1. A strong essay conclusion restates, not rewrites your thesis from the introduction.
  2. A strong essay conclusion consists of three sentences minimum.
  3. It concludes thoughts, not presents new ideas.

Example source: Purdue OWL

So, here’s how to end an essay.

How to write a strong essay conclusion?

The number of sentences in your conclusion will depend on how many paragraphs (statements) you have in the essay.

Consider a standard structure for essay conclusions:

Sentence #1: restate the thesis by making the same point with other words (paraphrase).

~ Example:

  • Thesis: “Dogs are better pets than cats.”
  • Paraphrased: “Dogs make the best pets in the world.”

Sentence #2-4: review your supporting ideas; summarize arguments by paraphrasing how you proved the thesis.

~ Example:

  • “Dogs are cleaner, better at showing affection, and ultimately easier to train.”

Sentence #5: connect back to the essay hook and relate your closing statement to the opening one; transit to human nature to impress a reader and give them food for thought.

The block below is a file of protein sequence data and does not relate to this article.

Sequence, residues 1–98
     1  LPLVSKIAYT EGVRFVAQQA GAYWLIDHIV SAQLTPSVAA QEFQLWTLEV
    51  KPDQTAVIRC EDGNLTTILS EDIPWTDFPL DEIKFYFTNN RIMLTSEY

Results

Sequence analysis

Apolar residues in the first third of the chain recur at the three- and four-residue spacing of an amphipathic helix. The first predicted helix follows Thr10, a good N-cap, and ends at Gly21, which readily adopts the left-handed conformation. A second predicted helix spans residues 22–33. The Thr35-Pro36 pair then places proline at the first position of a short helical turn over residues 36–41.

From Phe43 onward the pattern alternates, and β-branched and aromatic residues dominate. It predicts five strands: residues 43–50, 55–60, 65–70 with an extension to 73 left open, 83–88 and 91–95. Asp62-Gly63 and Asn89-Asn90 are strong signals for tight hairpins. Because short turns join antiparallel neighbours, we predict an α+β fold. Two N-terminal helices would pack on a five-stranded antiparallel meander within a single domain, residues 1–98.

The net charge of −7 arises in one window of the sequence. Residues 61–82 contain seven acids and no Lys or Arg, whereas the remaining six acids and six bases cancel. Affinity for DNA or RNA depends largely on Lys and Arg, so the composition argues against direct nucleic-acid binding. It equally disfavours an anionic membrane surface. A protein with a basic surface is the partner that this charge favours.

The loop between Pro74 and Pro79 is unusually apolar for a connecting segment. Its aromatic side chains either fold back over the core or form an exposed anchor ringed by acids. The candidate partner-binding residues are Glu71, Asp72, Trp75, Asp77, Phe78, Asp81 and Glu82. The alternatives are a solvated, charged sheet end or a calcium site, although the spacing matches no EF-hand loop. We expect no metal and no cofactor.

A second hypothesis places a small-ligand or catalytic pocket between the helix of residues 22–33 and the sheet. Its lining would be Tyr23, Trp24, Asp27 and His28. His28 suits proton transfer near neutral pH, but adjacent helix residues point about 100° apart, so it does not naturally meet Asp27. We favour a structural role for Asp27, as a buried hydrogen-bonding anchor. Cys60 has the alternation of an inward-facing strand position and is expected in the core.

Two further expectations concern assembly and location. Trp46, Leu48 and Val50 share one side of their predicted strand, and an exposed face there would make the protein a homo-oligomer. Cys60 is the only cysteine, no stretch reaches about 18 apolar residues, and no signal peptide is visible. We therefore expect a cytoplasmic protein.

~ Example:

  • “Change your life for the better – go get a dog.”

Finally, combine all sentences to improved and expanded conclusion.

  • Based on the above examples, it might look as follows (source):

“There is no doubt that dogs make the best pets in the world. They provide a cleaner environment for your home, are not afraid to show their feelings, and can be trained to do a variety of tricks and jobs. Every second that goes by, you are missing out on happiness. Get out of your chair and make a positive difference in your life – go get a dog!”

Also, you will need a transition word to make readers understand you are going to conclude. The most common are “In conclusion…”,“To sum up…”, and “As previously stated…”, but don’t use them! (If you don’t want to drive your teacher nuts, of course.)

Try “So…” instead. Or, visit the web page of John A. Dowell from Michigan State University to find more transition words for finishing an essay.

Bang!

You’ve been hit by the structure of essay conclusions.

And now:

What about strategies to use for writing them?